Standing in the footprints of the lost Twin Towers, President Obama told New York and the nation Thursday that “nothing can ever break us, nothing can change who we are as Americans.”
Speaking at the dedication of the new Sept. 11 museum, Obama told the loved ones of those who died that day that “those we lost live on within us.
Here are his exact words:
In those awful moments after the South Tower was hit, some of the injured huddled in the wreckage of the 78th floor. The fires were spreading. The air was filled with smoke. It was dark, and they could barely see. It seemed as if there was no way out.
And then there came a voice — clear, calm, saying he had found the stairs. A young man in his 20s, strong, emerged from the smoke, and over his nose and his mouth he wore a red handkerchief.
He called for fire extinguishers to fight back the flames. He tended to the wounded. He led those survivors down the stairs to safety, and carried a woman on his shoulders down 17 flights. Then he went back. Back up all those flights. Then back down again, bringing more wounded to safety. Until that moment when the tower fell.
They didn’t know his name. They didn’t know where he came from. But they knew their lives had been saved by the man in the red bandana.
Again, Mayor Bloomberg; distinguished guests; Mayor de Blasio; Governors Christie and Cuomo; to the families and survivors of that day; to all those who responded with such courage — on behalf of Michelle and myself and the American people, it is an honor for us to join in your memories. To remember and to reflect. But above all, to reaffirm the true spirit of 9/11 — love, compassion, sacrifice — and to enshrine it forever in the heart of our nation.
Michelle and I just had the opportunity to join with others on a visit with some of the survivors and families — men and women who inspire us all. And we had a chance to visit some of the exhibits. And I think all who come here will find it to be a profound and moving experience.
I want to express our deep gratitude to everybody who was involved in this great undertaking — for bringing us to this day, for giving us this sacred place of healing and of hope.
Here, at this memorial, this museum, we come together. We stand in the footprints of two mighty towers, graced by the rush of eternal waters. We look into the faces of nearly 3,000 innocent souls — men and women and children of every race, every creed, and every corner of the world. We can touch their names and hear their voices and glimpse the small items that speak to the beauty of their lives. A wedding ring. A dusty helmet. A shining badge.
Here we tell their story, so that generations yet unborn will never forget. Of coworkers who led others to safety. Passengers who stormed a cockpit. Our men and women in uniform who rushed into an inferno. Our first responders who charged up those stairs. A generation of servicemembers — our 9/11 Generation — who have served with honor in more than a decade of war. A nation that stands tall and united and unafraid — because no act of terror can match the strength or the character of our country. Like the great wall and bedrock that embrace us today, nothing can ever break us; nothing can change who we are as Americans.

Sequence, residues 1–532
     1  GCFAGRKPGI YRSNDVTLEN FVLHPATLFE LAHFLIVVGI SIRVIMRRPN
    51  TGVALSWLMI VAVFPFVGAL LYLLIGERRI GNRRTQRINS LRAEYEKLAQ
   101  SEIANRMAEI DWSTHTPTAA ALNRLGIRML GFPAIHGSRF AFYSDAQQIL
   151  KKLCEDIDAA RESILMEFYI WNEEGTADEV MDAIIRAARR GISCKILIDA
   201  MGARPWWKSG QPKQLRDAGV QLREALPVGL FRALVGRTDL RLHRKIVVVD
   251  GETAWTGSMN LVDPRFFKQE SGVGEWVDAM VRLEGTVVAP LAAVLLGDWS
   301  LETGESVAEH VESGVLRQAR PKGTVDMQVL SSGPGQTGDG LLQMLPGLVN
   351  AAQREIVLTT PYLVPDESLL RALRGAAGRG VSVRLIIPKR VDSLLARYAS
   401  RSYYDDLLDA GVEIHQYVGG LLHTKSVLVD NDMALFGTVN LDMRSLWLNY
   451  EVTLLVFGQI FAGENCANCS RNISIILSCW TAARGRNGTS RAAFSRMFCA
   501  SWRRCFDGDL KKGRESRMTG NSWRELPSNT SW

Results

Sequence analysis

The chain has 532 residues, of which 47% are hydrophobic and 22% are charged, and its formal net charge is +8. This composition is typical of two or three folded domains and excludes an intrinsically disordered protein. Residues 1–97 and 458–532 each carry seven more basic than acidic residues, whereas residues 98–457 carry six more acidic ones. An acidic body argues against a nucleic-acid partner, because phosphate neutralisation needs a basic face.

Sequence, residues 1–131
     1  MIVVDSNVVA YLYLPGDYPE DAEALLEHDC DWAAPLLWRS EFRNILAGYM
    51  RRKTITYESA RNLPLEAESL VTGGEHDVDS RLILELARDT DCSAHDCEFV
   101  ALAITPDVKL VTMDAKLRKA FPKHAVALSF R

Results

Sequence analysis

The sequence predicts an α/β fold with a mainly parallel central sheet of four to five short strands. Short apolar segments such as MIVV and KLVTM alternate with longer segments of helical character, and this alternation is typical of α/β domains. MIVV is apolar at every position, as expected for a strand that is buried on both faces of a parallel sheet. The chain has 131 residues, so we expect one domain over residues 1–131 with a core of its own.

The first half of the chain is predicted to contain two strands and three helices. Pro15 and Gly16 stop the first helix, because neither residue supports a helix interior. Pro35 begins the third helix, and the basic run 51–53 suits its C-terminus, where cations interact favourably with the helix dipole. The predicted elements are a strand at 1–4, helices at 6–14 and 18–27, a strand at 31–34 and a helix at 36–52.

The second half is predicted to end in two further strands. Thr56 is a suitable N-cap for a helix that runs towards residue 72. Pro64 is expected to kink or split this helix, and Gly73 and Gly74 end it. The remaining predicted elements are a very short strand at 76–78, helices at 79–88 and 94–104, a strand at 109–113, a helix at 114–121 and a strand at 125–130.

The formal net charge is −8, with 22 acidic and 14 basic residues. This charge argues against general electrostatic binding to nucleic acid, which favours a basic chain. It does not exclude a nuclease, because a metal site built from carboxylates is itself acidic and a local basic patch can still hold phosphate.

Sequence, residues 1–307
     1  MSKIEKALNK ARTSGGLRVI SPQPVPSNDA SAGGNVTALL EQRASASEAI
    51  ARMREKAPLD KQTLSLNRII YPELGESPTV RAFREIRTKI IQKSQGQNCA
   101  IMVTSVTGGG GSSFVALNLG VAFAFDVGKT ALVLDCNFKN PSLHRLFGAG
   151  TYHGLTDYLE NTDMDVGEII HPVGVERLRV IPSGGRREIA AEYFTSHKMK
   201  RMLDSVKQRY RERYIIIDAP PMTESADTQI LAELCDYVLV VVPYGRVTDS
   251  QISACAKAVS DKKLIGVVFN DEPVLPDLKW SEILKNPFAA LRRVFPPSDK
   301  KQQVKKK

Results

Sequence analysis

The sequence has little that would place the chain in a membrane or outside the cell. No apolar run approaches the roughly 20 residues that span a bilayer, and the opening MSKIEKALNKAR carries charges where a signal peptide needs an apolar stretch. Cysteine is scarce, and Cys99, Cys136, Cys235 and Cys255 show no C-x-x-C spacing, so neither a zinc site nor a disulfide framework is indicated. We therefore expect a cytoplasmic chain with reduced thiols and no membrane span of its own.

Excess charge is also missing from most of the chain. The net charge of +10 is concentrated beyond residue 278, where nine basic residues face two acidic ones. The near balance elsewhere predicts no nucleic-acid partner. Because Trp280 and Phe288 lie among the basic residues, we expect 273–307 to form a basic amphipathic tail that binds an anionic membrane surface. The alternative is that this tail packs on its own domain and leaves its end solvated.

On that September morning, Alison Crowther lost her son Welles. Months later, she was reading the newspaper — an article about those final minutes in the towers. Survivors recounted how a young man wearing a red handkerchief had led them to safety. And in that moment, Alison knew. Ever since he was a boy, her son had always carried a red handkerchief. Her son Welles was the man in the red bandana.
Welles was just 24 years old, with a broad smile and a bright future. He worked in the South Tower, on the 104th floor. He had a big laugh, a joy of life, and dreams of seeing the world. He worked in finance, but he had also been a volunteer firefighter. And after the planes hit, he put on that bandana and spent his final moments saving others.
Three years ago this month, after our SEALs made sure that justice was done, I came to Ground Zero. And among the families here that day was Alison Crowther. And she told me about Welles and his fearless spirit, and she showed me a handkerchief like the one he wore that morning.
And today, as we saw on our tour, one of his red handkerchiefs is on display in this museum. And from this day forward, all those who come here will have a chance to know the sacrifice of a young man who — like so many — gave his life so others might live.
Those we lost live on in us. In the families who love them still. In the friends who remember them always. And in a nation that will honor them, now and forever.
And today it is my honor to introduce two women forever bound by that day, united in their determination to keep alive the true spirit of 9/11 — Welles Crowther’s mother Alison, and one of those he saved, Ling Young.
Mr. Obama gave his brief remarks while standing beside a column recovered from the site covered with tributes to fallen emergency responders.
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